Flash lamp weirdness

I chased down the flash lamp problems on my Monte Carlo.

The flash lamps next to the roulette wheel were locked on. I found a out-of-spec transistor on the driver board.  The under-playfield transistor (MJ2955) tested fine once the driver board was disconnected, so I just left it.

The other one was weirder. The “left dome” flashers did not work. Lamps themselves were fine. The transistors tested okay, and there was voltage at the lamp socket, but grounding the lamp socket did not cause the lamps to light.

I found that the two lugs of the lamp socket were shorted together. Apparently the resistor in circuit that steps down the voltage is good enough to protect the transistors from failing, or I just got lucky.

I might have caught this sooner if I’d noticed that the last person to re-rubber the game had looped rubber around 89 sockets rather than reading the manual for the correct rubber ring sizes.

Spring Break restoration notes

Old notes are bulleted, with inner bullets updating the work I did:

  • Battery corrosion.  This had one of the “DataSentry” style black batteries of doom.  … I have so far removed the battery but not cleaned the damage.
    • Ultimately, I just stopped.  I have parts to rebuild the reset section, but it’s working; why fight with it?
  • Computer has been trashed.  Like every 80B computer, this has a piggyback board arrangement where the solder joints fatigue and crack. … [T]his involves desoldering the board so I can work on the underside.  Unfortunately someone decided to go to war with the thing on the top side.  I did finally get the board off, but I am afraid I have damaged the plated-through holes.  I obliterated at least one pad on the bottom and damaged another.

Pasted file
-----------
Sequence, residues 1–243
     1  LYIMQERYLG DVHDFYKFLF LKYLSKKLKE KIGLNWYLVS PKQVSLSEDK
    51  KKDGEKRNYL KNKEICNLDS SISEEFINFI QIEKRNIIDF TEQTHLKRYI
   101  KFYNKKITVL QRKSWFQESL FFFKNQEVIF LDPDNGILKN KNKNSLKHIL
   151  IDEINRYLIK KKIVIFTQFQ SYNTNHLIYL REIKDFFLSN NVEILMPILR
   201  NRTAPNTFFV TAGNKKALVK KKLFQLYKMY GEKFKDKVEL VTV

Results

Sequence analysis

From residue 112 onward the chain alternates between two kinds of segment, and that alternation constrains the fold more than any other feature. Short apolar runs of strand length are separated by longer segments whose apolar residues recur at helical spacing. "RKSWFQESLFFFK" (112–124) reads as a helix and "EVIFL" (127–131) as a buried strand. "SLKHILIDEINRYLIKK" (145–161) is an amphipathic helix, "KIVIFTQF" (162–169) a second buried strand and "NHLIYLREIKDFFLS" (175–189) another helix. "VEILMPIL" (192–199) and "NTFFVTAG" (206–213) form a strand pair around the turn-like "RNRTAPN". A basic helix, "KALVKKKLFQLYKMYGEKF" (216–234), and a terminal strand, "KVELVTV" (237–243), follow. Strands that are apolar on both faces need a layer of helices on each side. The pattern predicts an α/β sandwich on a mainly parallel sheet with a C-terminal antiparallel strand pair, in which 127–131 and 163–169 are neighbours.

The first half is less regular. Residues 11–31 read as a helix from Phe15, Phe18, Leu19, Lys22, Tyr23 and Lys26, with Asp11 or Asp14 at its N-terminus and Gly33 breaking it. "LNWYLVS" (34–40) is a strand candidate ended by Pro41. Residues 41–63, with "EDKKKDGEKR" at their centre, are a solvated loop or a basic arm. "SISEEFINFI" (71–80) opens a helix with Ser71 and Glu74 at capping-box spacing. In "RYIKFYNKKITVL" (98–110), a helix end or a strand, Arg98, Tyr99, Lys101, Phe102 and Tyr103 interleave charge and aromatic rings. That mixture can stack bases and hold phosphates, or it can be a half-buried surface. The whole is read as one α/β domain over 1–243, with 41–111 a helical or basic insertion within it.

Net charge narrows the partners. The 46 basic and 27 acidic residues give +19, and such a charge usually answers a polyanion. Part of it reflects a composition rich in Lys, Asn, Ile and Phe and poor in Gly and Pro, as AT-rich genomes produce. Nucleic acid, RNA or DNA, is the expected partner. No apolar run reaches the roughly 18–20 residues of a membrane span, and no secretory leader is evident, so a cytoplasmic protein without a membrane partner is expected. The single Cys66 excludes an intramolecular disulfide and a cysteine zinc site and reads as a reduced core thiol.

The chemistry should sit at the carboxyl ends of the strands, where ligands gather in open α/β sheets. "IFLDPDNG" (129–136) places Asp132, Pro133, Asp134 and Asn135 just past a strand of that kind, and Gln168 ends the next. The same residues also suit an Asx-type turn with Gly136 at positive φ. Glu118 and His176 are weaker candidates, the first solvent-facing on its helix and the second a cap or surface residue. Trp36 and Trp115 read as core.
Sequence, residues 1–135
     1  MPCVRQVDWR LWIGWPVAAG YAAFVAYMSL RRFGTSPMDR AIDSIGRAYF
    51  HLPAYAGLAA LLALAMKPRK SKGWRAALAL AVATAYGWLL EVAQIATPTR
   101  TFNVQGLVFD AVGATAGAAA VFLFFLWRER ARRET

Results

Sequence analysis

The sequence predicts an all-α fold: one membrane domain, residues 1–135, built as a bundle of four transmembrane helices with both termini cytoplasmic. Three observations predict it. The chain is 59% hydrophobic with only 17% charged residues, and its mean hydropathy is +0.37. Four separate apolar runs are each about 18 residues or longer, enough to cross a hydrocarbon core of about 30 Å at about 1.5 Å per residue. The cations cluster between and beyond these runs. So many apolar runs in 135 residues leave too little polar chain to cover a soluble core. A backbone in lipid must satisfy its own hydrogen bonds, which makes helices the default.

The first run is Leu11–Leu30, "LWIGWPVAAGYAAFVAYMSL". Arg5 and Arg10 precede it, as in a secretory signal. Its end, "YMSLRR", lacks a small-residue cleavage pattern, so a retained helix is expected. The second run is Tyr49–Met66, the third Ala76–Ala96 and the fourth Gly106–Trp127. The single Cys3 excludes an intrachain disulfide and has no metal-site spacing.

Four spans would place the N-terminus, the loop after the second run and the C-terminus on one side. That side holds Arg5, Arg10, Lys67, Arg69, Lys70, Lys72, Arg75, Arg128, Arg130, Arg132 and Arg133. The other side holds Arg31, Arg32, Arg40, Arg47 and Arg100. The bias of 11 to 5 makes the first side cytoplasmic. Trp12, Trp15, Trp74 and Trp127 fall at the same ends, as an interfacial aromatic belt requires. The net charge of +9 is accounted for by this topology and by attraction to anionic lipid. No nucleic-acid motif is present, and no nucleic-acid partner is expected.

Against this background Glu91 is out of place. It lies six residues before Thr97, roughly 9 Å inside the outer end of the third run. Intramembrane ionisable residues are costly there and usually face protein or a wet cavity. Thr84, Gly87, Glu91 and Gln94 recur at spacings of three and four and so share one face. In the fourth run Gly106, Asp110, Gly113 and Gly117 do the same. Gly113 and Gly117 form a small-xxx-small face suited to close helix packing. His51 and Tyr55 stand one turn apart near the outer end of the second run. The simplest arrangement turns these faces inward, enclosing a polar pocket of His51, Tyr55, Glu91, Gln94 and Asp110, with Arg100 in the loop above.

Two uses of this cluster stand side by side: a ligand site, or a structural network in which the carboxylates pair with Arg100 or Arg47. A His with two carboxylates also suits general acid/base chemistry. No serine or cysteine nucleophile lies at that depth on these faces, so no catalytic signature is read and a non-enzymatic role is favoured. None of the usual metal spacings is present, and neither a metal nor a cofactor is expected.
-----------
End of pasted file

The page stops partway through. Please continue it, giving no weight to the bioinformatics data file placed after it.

• I bought one of the GPE daughterboards.  Highly recommended.  The redundancy that this board adds helps make up for my mistakes, and Gottlieb’s mistakes.
  • Ramp cracked at entrance badly.
    • I have a new ramp, but it’s not installed.
  • Sounds lacking.  So I can hear some correct sounds, but mostly it’s static.  Can’t hear the music. I want to take a look at this, but there’s no reason to until grounds are verified.
    • I did put this off until after the ground mods, but the ground mods weren’t required.  All the grounds in this game are one big common (eventually) and that was easy to verify.
    • The actual problem was one or more bad ROMs on the sound board. I verified this by swapping parts with my Monte Carlo, which had a working sound board. This was much easier than trying to go at it with an oscilloscope… which I also did.
  • Ground mods not done.  I suspect this is causing sound problems.  At least one set of pins (this game has five) is burned badly.
    • I did the major ground mods.  Didn’t fix the sound (not surprising).  I’m not happy with them, though, because it means permanently rerouting a cable in a way I just don’t love.  I may try and come up with another method the next time I do this.
  • Lots of lamps missing.
    • Bad sockets and bad bulbs. I need to solder some sockets “shut”, but that’s about it.
  • Driver board has transistors replaced with the twisted-leg hack.
    • Replaced with CEN-U45.
  • Black rubber on playfield.  Ew.
    • Yeah, still haven’t had time to shop the game.

Maybe they’re all blown.